The Queen of Soul will record new album with Stevie Wonder but won’t perform live after 2017, except for ‘select’ events

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There’s never a bad time to see the Queen of Soul in concert, but if you can believe what she’s saying about retiring from live performance, you may want to run, not walk, to buy tickets the minute her next concert is announced.

Franklin will record, but she won’t be performing live after 2017, except for some “select” events, she confided in a Tuesday afternoon phone interview with WDIV-TV (Local 4) news anchor Evrod Cassimy.

“This will be my last year,” Franklin said. “I will be recording, but this will be my last year in concert. This is it.”

The forthcoming album, her first since 2014’s “Aretha Franklin Sings the Great Diva Classics,” will include several tracks written and produced by Stevie Wonder.

“I am exuberant about it,” she told the station. “I can’t wait to get into the studio. Several of the songs will be produced by Stevie and, of course, there’s only one Stevie, right?”

This isn’t the first time Franklin has worked with her friend Stevie. She recorded the definitive version of his song “’Until You Come Back to Me (That’s What I’m Gonna Do),” written by Wonder (with his former Motown producer Clarence Paul and Morris Broadnax).

Wonder’s supple melody and Franklin’s lissome voice created a Top 10 hit for her in 1973.

The Queen of Soul has had a longer career than most, a testament to the timelessness and resilience of her voice, as well as an innate musicality that puts her head and shoulders above the average gifted singer.

It was her peerless piano work that prompted Jerry Wexler’s crafted arrangements of her songs, kicking off a string of hits for her at Atlantic Records starting with “(I Never Loved a Man) The Way I Loved You” in 1967. She had already had a lengthy career in gospel music, traveling with her father, the Rev. C.L. Franklin of Detroit’s New Bethel Baptist Missionary Church, on his Gospel Caravan before signing to Columbia in 1960, recording pop and jazz standards.

Her musical talent, not just her soulful voice, led her to be the first woman inducted by the Rock and Roll Hall of Fame in 1987.

In recent years, Franklin has had a busy schedule for performers, much less a singer born in the 1940s. Although she has been in generally good health since an ailment took her out of commission in 2010, she had to cancel several shows last August on the advice of her doctors.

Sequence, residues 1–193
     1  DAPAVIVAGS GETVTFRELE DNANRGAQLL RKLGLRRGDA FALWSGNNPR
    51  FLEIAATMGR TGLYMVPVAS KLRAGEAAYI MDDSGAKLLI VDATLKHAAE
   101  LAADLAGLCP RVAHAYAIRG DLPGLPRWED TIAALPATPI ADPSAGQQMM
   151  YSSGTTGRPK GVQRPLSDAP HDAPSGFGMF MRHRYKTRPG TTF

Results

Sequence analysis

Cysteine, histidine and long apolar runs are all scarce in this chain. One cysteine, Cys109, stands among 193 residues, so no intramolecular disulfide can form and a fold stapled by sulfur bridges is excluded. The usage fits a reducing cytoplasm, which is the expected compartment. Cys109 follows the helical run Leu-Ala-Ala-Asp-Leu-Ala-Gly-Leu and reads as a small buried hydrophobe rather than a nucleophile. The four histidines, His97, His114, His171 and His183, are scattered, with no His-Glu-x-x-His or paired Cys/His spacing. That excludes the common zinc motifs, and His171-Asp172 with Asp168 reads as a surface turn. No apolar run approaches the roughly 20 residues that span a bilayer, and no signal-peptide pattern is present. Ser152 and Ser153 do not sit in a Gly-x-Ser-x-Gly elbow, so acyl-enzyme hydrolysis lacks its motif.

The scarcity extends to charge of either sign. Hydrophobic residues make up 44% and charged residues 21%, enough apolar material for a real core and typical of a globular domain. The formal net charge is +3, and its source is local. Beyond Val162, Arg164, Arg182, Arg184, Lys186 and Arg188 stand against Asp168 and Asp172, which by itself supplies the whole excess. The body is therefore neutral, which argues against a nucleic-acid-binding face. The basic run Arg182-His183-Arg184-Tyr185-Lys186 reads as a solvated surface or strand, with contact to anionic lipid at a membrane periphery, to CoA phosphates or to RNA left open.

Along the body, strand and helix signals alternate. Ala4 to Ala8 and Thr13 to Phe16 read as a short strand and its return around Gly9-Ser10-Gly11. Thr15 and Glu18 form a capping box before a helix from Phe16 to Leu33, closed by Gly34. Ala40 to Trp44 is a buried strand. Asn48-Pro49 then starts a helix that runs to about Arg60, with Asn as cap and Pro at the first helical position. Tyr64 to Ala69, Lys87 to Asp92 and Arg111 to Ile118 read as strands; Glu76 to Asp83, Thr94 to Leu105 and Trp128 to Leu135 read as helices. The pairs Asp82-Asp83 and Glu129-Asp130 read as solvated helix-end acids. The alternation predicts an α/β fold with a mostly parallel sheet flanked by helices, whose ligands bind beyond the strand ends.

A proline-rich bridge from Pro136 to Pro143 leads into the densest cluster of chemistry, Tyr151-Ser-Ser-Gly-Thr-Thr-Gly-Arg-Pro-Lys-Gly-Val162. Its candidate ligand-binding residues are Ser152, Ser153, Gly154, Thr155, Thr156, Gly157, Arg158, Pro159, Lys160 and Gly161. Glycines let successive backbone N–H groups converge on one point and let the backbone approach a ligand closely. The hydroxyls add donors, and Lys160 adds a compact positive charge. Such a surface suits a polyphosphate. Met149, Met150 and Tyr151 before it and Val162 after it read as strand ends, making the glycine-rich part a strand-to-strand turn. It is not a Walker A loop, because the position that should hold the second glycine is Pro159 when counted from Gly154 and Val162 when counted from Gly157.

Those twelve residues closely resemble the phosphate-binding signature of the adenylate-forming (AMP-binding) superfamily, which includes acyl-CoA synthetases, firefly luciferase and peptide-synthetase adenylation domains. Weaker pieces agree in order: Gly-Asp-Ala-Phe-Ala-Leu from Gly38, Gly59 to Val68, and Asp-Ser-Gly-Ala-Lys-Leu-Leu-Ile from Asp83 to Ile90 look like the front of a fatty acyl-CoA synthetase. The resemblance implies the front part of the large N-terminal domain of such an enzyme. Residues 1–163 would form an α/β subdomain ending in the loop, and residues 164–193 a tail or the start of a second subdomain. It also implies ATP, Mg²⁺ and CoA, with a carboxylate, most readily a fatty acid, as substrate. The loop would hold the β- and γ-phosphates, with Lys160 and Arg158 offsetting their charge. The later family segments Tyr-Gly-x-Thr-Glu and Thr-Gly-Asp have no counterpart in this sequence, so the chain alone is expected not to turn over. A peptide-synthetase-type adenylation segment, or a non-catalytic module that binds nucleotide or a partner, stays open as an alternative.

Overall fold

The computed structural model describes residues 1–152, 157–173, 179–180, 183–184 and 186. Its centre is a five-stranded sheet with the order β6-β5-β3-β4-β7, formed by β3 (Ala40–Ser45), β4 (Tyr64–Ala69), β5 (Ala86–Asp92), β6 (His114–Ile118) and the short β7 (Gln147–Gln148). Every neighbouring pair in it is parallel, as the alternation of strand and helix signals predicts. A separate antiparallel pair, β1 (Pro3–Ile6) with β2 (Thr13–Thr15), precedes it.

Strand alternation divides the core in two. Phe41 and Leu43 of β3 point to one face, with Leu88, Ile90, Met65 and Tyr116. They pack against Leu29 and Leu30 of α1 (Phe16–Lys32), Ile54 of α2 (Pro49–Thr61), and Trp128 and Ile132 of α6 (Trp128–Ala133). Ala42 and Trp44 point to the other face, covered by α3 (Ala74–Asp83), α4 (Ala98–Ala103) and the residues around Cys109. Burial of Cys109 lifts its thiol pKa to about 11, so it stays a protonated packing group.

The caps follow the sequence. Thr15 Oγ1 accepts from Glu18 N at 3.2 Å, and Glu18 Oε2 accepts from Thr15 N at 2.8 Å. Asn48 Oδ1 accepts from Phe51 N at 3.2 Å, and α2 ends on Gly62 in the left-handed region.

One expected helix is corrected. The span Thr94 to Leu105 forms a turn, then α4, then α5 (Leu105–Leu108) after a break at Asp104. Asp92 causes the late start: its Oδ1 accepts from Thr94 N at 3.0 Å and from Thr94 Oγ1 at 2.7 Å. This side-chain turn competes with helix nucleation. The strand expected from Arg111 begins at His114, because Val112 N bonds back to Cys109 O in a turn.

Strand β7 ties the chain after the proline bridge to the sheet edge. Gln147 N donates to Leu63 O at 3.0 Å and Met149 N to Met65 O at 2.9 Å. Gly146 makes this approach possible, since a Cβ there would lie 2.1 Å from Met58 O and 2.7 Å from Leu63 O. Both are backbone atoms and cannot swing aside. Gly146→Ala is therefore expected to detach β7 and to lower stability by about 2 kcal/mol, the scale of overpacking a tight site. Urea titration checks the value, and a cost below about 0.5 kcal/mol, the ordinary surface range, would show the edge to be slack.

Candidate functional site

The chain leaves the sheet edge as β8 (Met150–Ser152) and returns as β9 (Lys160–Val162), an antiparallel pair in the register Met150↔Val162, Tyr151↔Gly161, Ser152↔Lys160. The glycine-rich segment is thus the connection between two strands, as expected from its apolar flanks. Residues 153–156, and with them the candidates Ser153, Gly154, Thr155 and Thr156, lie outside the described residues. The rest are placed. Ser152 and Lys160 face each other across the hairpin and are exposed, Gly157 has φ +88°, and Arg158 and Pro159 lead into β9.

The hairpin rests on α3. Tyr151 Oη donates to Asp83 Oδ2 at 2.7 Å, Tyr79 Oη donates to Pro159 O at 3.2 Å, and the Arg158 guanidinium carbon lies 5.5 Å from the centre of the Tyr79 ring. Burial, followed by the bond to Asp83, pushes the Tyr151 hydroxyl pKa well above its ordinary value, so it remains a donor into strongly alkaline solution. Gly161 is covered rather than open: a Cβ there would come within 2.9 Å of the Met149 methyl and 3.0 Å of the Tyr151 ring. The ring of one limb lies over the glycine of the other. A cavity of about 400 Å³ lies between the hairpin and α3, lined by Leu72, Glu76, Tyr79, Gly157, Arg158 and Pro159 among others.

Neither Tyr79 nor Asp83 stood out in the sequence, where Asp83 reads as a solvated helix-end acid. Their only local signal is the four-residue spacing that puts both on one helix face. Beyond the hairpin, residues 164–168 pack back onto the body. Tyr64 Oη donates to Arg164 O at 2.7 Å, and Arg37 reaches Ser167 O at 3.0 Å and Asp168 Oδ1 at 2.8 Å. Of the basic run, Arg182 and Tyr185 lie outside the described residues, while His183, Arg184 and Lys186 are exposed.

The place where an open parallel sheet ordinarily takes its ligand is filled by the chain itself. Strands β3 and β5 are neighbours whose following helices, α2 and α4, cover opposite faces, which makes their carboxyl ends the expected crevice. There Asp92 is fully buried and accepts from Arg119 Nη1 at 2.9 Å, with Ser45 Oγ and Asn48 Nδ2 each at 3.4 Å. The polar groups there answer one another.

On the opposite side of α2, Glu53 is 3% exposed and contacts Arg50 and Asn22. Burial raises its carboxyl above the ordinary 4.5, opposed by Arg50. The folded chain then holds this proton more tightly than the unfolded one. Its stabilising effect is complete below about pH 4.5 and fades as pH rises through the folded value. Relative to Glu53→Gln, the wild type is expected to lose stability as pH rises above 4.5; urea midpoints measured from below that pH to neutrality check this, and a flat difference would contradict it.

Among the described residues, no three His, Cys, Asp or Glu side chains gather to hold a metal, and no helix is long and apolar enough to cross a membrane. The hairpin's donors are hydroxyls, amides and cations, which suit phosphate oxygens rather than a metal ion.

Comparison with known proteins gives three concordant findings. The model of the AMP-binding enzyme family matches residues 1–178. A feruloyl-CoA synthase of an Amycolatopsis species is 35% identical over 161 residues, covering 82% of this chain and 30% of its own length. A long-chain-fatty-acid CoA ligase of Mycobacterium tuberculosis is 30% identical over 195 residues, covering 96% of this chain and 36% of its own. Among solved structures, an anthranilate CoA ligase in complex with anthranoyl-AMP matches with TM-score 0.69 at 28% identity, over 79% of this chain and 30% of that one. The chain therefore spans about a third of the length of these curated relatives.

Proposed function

While she is able to relax on her tour bus — Franklin still doesn’t fly — that means a trip to the West Coast to do concerts is a grueling odyssey taking many days.

Her travels have not been in vain. In the last decade, while others of her generation gave up, or their voices did, Franklin’s voice seemed to gain an even more soulful, warm resonance and she sounded better than she has in years, drawing some of her best reviews.

She stunned critics who underestimated her as simply a genius R&B and pop singer when she stepped in at the last minute to replace ailing tenor Luciano Pavarotti at the Grammy telecast in 1998, delivering the operatic aria “Nessun Dorma” without even a key change.

One of her most admired performances was her jaw and mink-dropping rendition of “(You Make Me Feel Like) A Natural Woman” at the 2015 Kennedy Center Honors program honoring Carole King.

King, who co-wrote the song with her late ex-husband, Gerry Goffin, could barely sit still, she was so excited while watching Franklin sing. Nearby, President Barack Obama brushed away tears.

Her beautiful, gospel-inflected four-and-a-half minute rendition of the national anthem in November, before the Detroit Lions-Minnesota Vikings Thanksgiving Day game, drew praise, although some wags teased that the Queen of Soul had “possession” longer than the Lions did.

Franklin kicked off several years of White House concerts and almost singlehandedly revived the hat industry with her performance at President Obama’s first inauguration in January 2009, of “My Country ’Tis of Thee,” wearing the famous gray felt Mr. Song chapeau.

Stepping back from a hectic concert schedule will allow Franklin to spend more time with her grandchildren, she says.

In recent years, she has proudly featured her talented singing granddaughter Victorie in the entertainment portion of her yearly holiday soiree. At her most recent soiree in December, Victorie, now a lanky teenager, sang, as did her younger sister, Grace.

Franklin seemed more relaxed than usual at her party this year, enjoying performances by Jody Watley and L.J. Reynolds of the Dramatics, while calling out greetings to guests, including boxer Tommy Hearns, the Rev. Jesse Jackson, and her many Detroit TV media friends.

“I feel very, very enriched and satisfied with respect to where my career came from and where it is now,” Franklin told Local 4.

But having been famous, feted and still making pop cultural waves into her 70s, how long will Franklin be able to slow down and stay out of the spotlight before she gets restless?

As she told Cassimy, “I’m not going to go anywhere and just sit down and do nothing. That wouldn’t be good, either.”

Susan Whitall is an author and longtime contributor to The Detroit News. Contact her at susanwhitall.com.

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